This paragraph has been used four times in the past five years, with only minor alterations, most recently in an article on 'Online Opinion'. It's been copied so many times by Ahmed that it actually shows up in the PDFs hosted on the Media Watch website, from his appearance on the show in 2012.

The Australian, February 2015

"Men for whom the security of unionised labour in the manufacturing industries is becoming a distant memory are experiencing a huge displacement from modern economic trends. It’s been replaced by casualised, service-oriented work with relatively low wages. In essence, their work has been feminised."

Online Opinion, 2013

"In the Western world, it can be seen among the traditionally white Anglo-Saxon working class, for whom the security of unionised labour in the manufacturing industries is slowly but surely becoming a distant memory. It is (sic) been replaced by casualised, service-oriented work with relatively low wages. In essence, their work is being feminised..."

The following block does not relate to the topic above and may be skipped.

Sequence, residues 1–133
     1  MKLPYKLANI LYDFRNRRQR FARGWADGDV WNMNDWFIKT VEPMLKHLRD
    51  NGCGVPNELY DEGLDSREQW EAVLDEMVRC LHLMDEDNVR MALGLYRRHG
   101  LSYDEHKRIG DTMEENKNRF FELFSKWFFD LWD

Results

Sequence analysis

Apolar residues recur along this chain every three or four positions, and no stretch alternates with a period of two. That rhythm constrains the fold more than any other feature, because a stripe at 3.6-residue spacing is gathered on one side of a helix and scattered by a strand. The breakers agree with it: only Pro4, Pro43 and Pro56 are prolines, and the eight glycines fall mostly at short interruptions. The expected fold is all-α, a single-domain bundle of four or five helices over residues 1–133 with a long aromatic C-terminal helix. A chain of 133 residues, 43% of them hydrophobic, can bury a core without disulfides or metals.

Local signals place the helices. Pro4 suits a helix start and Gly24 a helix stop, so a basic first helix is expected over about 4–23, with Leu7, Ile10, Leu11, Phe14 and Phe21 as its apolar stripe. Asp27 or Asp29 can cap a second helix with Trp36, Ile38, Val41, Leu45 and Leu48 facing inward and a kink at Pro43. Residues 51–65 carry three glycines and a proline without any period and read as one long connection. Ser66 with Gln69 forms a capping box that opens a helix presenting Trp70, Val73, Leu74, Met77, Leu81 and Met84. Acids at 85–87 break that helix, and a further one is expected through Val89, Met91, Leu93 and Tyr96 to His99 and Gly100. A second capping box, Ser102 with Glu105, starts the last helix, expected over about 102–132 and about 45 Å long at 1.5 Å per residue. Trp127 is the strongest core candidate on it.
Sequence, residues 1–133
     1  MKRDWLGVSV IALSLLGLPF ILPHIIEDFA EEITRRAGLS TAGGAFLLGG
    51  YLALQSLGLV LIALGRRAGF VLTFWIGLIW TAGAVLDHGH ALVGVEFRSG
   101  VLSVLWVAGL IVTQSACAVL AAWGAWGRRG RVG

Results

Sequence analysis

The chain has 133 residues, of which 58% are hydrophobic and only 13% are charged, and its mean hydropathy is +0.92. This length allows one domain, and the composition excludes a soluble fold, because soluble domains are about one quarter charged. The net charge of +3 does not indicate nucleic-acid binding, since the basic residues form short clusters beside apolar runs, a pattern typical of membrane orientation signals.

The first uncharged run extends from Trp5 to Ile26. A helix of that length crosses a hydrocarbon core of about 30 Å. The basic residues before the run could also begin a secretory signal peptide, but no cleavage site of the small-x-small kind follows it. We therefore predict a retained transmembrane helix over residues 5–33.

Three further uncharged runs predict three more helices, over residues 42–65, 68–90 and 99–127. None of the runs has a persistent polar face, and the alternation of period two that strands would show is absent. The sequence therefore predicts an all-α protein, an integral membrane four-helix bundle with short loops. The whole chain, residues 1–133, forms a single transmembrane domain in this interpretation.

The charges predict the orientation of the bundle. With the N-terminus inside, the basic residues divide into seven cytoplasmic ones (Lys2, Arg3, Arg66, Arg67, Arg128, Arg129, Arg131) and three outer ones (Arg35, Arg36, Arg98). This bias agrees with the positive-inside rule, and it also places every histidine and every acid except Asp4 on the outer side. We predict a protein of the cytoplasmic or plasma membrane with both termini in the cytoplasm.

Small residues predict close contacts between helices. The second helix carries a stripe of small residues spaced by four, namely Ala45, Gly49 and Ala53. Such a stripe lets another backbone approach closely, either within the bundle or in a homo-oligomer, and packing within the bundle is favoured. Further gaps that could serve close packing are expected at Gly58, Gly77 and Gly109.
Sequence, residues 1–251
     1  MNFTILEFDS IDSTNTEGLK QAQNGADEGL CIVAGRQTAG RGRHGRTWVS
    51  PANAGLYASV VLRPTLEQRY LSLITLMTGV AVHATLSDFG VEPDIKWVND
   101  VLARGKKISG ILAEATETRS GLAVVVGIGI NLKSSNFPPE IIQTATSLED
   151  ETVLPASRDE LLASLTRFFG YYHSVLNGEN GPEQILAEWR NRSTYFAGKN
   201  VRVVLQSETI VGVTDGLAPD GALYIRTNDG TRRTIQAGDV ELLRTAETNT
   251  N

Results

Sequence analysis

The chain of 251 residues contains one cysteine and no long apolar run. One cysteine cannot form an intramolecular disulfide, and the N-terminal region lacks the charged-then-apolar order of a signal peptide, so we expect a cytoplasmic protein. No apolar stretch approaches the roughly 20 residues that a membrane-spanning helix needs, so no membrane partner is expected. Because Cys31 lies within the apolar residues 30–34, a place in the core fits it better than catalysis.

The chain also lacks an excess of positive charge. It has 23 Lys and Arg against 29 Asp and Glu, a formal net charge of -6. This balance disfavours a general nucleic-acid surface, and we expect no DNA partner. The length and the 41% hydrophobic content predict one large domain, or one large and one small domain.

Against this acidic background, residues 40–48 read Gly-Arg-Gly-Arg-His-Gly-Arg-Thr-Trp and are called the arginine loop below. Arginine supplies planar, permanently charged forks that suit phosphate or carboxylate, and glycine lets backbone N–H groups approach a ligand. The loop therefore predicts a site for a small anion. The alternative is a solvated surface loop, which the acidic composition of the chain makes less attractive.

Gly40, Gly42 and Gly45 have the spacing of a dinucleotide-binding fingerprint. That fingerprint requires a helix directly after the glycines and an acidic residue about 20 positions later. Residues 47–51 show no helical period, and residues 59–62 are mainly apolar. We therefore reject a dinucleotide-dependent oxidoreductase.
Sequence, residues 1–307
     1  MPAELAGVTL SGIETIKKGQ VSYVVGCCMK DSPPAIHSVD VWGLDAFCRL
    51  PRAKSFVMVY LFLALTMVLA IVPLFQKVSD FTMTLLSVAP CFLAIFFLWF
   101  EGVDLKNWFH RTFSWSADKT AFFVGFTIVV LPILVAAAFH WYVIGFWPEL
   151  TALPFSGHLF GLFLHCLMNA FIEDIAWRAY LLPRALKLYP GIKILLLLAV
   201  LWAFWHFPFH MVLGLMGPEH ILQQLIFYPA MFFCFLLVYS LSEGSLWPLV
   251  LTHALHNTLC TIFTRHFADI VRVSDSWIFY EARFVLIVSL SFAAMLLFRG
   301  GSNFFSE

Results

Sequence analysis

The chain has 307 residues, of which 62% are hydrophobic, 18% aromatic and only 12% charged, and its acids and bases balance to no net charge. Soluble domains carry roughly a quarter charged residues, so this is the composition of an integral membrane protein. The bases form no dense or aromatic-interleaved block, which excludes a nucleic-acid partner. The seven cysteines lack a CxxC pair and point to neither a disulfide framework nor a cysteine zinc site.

Sydney Morning Herald, 2012

"Men, for whom the security of unionised labour in the manufacturing industries is slowly but surely becoming a distant memory, are experiencing a huge displacement from modern economic trends. It's been replaced by casualised, service‐oriented work with relatively low wages. In essence, their work has been feminised...."

Sydney Morning Herald, 2011

"Men for whom the security of unionised labour in the manufacturing industries is slowly but surely becoming a distant memory are experiencing a huge displacement from modern economic trends. It's been replaced by casualised, service-oriented work with relatively low wages. In essence, their work has been feminised, a development exacerbated by the financial crisis"

Sydney Morning Herald, 2010

"Men are experiencing a huge displacement from modern economic trends. In the Western world, it can be seen among the working class, traditionally white Anglo-Saxon, for whom the security of unionised labour in the manufacturing industries is slowly but surely becoming a distant memory. It's been replaced by casualised, service-oriented work with relatively low wages. In essence, their work has been feminised, a development exacerbated by the financial crisis."


This rabbit hole is curiously deep. Ahmed wrote an article in the Medical Journal of Australia in 2013, outlining his views on alternative medicine. At the end, there’s this note: